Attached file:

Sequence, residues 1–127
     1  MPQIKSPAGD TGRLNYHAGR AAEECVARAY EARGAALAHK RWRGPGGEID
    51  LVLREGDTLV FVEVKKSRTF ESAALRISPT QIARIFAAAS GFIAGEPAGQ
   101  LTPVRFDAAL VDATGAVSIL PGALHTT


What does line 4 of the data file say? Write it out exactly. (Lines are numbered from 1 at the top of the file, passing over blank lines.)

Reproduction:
   101  LTPVRFDAAL VDATGAVSIL PGALHTT